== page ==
Blue Carrot pink bouquet

Photographs: Charles Francis


December 2013: In winter, the cutting garden is a blank canvas, waiting to be transformed into a living work of art. But first, there is work to be done. “To start with,” says florist Susanne Hatwood, “I rip out a lot of stuff which I don’t like anymore. Then I order loads of new seeds. I also start trying to grow some things in the polytunnel, like a few rows of sweet peas. Winter is always the time of year when you think you’re in control of the garden.” She adds with a smile: “But for the rest of the year, the garden shows you that nature is in control.”

And Susanne is happy to let nature run the show. Her company, The Blue Carrot, specialises in bouquets and floral arrangements created from organic, seasonal materials. “There are so many rules in floristry,” she says. “But you should trust your instincts and do what you like. Floristry should be artistry. I like a bouquet to have curves and movement: you should be able turn it round and discover things.”

Materials for bouquets

German-born Susanne became interested in gardening when she and her English husband Mark moved from the centre of Berlin to a suburb, where for the first time, she had a small front garden. After they moved to Cornwall, she studied horticulture at Duchy College Rosewarne, and went on to work in the on-site nursery.

When the chance came to take on a long-abandoned kitchen garden at a farm close to her home in Portscatho, on the Roseland Peninsula, she knew it was the right place to start her own market garden. “It was full of brambles and nettles, and nobody had done anything with it for ten years,” she recalls. “But I thought it was absolutely perfect. It has good soil and it’s south facing, so it’s a proper suntrap.

“We got a rotovator and cleared it, and bought a second-hand polytunnel. I started off growing and selling mixed herbs, salad bags, and things like Tuscan kale, borlotti beans and pea shoots, and varieties of pumpkins, tomatoes and cucumbers which you never get in supermarkets.”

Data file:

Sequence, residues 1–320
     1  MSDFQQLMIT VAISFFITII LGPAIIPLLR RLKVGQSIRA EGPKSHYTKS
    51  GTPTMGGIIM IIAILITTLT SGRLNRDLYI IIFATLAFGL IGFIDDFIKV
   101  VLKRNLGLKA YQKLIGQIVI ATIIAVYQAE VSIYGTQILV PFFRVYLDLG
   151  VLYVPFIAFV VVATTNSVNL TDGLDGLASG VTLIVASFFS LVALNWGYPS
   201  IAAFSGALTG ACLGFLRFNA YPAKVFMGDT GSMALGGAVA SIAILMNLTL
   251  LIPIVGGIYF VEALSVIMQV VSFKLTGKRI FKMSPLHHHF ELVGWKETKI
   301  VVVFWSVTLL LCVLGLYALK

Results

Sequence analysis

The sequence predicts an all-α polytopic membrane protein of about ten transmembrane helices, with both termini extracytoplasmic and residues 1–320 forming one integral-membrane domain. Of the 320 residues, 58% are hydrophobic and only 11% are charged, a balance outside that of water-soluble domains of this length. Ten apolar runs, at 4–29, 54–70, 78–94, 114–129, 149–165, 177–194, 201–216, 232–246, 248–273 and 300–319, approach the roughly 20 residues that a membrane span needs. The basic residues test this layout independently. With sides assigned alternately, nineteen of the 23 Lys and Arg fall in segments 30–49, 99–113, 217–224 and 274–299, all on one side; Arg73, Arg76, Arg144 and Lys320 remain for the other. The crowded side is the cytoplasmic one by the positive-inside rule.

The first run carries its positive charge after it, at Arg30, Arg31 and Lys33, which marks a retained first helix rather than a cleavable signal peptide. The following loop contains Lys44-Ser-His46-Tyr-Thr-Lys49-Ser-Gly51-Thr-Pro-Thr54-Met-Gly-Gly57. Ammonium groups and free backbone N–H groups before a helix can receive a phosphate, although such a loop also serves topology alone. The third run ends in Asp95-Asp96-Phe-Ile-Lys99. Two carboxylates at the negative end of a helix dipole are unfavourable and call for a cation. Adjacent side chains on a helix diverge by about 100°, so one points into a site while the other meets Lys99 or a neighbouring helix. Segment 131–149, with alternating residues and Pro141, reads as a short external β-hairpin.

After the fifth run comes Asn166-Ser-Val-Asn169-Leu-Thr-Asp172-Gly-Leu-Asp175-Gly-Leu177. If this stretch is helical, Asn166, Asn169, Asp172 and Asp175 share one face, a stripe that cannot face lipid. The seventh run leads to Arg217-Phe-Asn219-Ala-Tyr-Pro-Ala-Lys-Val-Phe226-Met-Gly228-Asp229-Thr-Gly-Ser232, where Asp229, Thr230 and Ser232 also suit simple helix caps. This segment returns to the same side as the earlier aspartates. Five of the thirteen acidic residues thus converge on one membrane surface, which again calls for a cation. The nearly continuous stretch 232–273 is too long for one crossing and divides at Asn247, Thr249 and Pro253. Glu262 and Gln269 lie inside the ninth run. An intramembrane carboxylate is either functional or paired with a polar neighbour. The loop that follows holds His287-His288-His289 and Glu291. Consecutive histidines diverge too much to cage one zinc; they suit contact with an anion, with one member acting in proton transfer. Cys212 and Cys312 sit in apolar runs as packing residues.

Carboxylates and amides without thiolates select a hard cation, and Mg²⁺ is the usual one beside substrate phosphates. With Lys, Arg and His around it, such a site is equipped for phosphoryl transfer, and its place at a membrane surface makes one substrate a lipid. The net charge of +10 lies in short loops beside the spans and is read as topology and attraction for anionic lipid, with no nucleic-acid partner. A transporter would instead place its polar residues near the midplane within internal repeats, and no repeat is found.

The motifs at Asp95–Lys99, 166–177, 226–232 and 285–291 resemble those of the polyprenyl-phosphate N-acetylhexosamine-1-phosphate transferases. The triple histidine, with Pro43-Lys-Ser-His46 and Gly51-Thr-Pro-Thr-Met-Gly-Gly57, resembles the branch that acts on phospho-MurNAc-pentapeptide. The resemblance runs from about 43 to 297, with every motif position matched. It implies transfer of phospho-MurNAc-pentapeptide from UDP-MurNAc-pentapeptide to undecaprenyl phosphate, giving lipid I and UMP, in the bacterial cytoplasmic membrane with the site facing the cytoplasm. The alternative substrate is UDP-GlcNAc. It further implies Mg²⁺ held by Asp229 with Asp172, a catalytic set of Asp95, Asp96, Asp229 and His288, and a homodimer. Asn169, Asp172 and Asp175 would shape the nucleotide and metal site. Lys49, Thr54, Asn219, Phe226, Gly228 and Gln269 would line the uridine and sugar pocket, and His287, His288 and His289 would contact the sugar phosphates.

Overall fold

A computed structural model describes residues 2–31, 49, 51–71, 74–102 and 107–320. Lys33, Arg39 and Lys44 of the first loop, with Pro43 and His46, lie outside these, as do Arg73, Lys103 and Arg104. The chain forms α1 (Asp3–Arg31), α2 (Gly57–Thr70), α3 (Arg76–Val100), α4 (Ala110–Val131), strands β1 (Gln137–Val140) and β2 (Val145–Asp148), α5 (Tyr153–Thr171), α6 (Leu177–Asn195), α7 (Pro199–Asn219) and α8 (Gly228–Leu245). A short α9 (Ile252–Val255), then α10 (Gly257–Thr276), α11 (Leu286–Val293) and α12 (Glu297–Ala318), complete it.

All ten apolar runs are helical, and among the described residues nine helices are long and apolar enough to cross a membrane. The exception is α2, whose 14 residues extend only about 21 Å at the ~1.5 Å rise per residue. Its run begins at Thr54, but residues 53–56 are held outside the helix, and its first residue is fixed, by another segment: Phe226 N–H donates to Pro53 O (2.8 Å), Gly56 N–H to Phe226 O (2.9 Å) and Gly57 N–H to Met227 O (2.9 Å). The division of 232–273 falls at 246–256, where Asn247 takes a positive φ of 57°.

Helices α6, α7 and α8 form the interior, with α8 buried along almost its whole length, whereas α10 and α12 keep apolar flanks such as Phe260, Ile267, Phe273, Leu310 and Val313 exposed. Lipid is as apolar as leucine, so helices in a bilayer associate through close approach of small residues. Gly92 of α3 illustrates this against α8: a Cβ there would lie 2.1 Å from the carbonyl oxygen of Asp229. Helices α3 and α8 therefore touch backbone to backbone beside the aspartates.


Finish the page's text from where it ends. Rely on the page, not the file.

At that time, Susanne had no interest in cut flowers, which she associated with boring bouquets sold at petrol stations. But she grew a row of daffodils and a few sweet peas, and found they sold well. Then she discovered some American florists online who were using natural materials. “I was completely smitten. From then on, there was no going back to veg.”

Susanne Hatwood

Choosing which flowers to grow was largely a process of trial and error. Her initial love of vibrant purples and lime greens evolved into a passion for pastels.  “I’m a bit obsessed with peach,” she says.

“I started selling cut flowers at the gate, and also supplied holiday lets, which I didn’t find very satisfying, as you have to choose things which will last, but don’t necessarily look good together. I decided I had to jump in at the deep end and go for weddings. I like the idea that the flowers look good just for a day. It’s the nature of beauty that it fades.”

The beauty in Susanne’s creations comes not just from brilliant blooms, but fruit such as unripe strawberries, weeds and herbs.

Globe Thistle

“I love cinnamon basil — it smells absolutely fantastic — and lemon verbena: every time the bride moves her bouquet, she gets a whoosh of fresh scent. There’s always something at its best at each time of year. I really like April and May, because you have tulips and fritillaria, and everything’s really fresh and in your face, and then there are roses in the early summer.

Yellow roses

August is a fantastic month, too, because I really love dahlias and they are at their best then.

Dahlia: 'Waltzing Matilda'

Dahlia ‘Waltzing Matilda’ 


“But my favourite dahlia is ‘Café au Lait’, which is at its best in October and still produces the odd flower in November. It survives until the first frost. ‘Café au Lait’ dahlias work well with chocolate cosmos in the autumn, or I might use purples and plum colours, with berries and mimosa foliage.

Susanne with bouquet

Susanne with a bridal bouquet featuring Dahlia ‘Café au Lait’ 


“At Christmas, I go for amaryllis. In Germany, to have amaryllis with fir is very traditional. They are so beautiful, and you can get them in all kinds of odd colours. Last Christmas, I also did an arrangement of rosehips and moss.”

Throughout the year, Susanne uses old lace and quirky accessories in her arrangements, like little plastic animals — a deer, a penguin or a rabbit. And she has an ever-growing collection of containers, from teapots to old medicine bottles.

Old medicine bottles

There were 25 weddings in her diary this year. “It’s absolutely humbling when the bride sees her bouquet for the first time. You’re usually both in tears. It’s the best feeling ever.”